First, it implements the equality jurisprudence of the Constitutional Court by updating statutory language to reflect, affirm and promote the concept of substantive equality. Why would anyone be offended by this move?

Second, it redefines discrimination and clarifies that intention is not a requirement to establish discrimination.

Third, it places an obligation not only on the state and public bodies, but also on private bodies to promote equality and prohibit unfair discrimination. The state will have to commit its budget towards these ideals. The private sector will have to uphold various sectoral codes which promote equality and seek to eliminate unfair discrimination. No one serious about justice and equality should oppose this project.

Yet, according to Jeffery, these three objectives are linked to the NDR and will have the effect of crippling the capitalist economy in South Africa.

Given that brute capitalism in South Africa generated racialised economic injustices, it is puzzling that Jeffery would want to maintain an economic status quo rooted in racist market fundamentalism that reduces black economic agency to cheap and exploited labour. Contrary to Jeffery’s misunderstanding of the NDR, it is the NDR that recognises the problem with capitalism and develops a vision for socio-economic justice. The following portion of the NDR illustrates this emphatically:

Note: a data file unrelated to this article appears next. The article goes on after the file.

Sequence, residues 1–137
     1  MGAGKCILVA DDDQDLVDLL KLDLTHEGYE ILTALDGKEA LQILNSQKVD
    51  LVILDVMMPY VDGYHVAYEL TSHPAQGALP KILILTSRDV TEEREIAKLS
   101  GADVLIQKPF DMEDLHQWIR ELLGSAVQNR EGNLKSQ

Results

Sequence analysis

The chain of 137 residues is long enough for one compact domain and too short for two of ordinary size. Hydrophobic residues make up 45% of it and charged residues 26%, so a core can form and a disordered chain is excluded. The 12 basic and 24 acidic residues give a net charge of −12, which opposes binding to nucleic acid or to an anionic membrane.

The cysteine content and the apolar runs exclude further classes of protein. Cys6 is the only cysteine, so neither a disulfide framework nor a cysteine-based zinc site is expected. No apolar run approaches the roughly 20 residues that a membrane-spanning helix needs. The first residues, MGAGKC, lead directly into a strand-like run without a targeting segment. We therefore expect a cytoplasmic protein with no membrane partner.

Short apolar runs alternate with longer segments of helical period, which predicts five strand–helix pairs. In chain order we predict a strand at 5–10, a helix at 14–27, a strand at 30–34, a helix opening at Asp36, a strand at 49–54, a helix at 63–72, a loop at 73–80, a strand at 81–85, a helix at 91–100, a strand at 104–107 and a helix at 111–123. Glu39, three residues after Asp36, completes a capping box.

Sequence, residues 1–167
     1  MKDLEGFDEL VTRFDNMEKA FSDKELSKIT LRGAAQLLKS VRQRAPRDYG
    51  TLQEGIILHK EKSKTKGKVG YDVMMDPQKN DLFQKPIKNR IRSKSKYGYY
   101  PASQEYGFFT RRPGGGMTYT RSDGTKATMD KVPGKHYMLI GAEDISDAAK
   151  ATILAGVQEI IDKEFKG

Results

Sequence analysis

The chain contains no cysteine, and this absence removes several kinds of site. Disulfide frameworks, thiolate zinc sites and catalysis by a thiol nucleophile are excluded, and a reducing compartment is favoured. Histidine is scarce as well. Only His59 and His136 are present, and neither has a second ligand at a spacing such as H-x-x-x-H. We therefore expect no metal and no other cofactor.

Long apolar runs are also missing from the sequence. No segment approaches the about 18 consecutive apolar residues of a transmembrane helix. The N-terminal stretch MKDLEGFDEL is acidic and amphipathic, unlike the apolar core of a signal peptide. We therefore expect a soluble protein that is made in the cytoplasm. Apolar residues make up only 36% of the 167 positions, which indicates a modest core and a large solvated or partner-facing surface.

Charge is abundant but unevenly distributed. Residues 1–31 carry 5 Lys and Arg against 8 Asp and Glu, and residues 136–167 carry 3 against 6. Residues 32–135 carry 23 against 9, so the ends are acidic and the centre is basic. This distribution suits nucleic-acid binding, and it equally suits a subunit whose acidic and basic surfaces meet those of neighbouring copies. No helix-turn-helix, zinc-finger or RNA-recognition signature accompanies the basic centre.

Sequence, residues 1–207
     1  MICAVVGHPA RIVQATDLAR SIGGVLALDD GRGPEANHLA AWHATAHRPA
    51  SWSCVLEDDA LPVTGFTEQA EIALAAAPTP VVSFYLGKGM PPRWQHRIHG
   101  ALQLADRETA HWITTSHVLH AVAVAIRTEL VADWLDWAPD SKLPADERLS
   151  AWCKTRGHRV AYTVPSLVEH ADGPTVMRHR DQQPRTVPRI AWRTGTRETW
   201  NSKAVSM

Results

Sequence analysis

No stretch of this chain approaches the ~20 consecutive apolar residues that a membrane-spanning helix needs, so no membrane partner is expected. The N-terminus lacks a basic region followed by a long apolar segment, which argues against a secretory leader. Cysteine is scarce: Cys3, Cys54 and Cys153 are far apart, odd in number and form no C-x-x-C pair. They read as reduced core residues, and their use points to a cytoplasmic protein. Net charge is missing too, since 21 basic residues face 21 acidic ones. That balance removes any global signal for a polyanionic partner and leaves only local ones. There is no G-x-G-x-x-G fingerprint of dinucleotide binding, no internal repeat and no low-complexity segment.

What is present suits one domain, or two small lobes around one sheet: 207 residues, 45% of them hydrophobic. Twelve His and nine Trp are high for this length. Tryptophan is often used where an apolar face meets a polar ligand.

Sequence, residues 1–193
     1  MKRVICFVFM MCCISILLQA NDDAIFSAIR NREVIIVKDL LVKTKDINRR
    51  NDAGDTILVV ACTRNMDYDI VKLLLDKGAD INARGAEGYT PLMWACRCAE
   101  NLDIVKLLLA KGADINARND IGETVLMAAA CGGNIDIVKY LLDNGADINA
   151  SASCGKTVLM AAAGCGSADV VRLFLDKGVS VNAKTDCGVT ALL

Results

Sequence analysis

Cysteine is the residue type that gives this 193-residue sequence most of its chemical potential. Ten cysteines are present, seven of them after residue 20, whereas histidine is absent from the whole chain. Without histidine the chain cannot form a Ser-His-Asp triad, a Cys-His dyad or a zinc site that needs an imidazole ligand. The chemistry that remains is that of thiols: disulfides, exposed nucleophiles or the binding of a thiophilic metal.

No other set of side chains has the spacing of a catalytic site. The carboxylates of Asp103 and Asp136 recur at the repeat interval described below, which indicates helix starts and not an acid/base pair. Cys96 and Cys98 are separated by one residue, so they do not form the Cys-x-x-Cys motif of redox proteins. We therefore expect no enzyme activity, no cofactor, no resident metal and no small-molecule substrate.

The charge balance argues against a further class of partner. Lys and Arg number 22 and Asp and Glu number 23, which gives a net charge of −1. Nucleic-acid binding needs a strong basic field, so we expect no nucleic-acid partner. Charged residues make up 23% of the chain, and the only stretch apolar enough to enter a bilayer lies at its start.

“The struggle for national democracy is also an expression of the class contradiction between the black and democratic forces on the one hand, and the monopoly capitalists on the other. The stranglehold of a small number of white monopoly capitalists over the great bulk of our country’s wealth and resources is based on colonial dispossession and promotes racial oppression.

“This concentration of wealth and power perpetuates the super-exploitation of millions of black workers. It perpetuates the separate plight of millions of the landless rural poor. And it blocks the advance of black business and other sectors of the oppressed.” This reality, therefore, forms the basis of the anti-monopoly content of the national democratic programme.

The NDR is a direct response to an unjust society facilitated by capitalism and colonisation of a special type. Although we have held six national elections in the constitutional era, the edifice of apartheid is still deeply entrenched. Our Constitution is an expression of the NDR — it is not inimical to it.

Many reports detail the sordid inequality that is pronounced across the board in the private sector both in terms of race and gender. For instance, the PWC’s Executive directors report 2020 details the following across the Johannesburg Stock Exchange: female executive directors are paid on average 74.5% of what their male counterparts earn.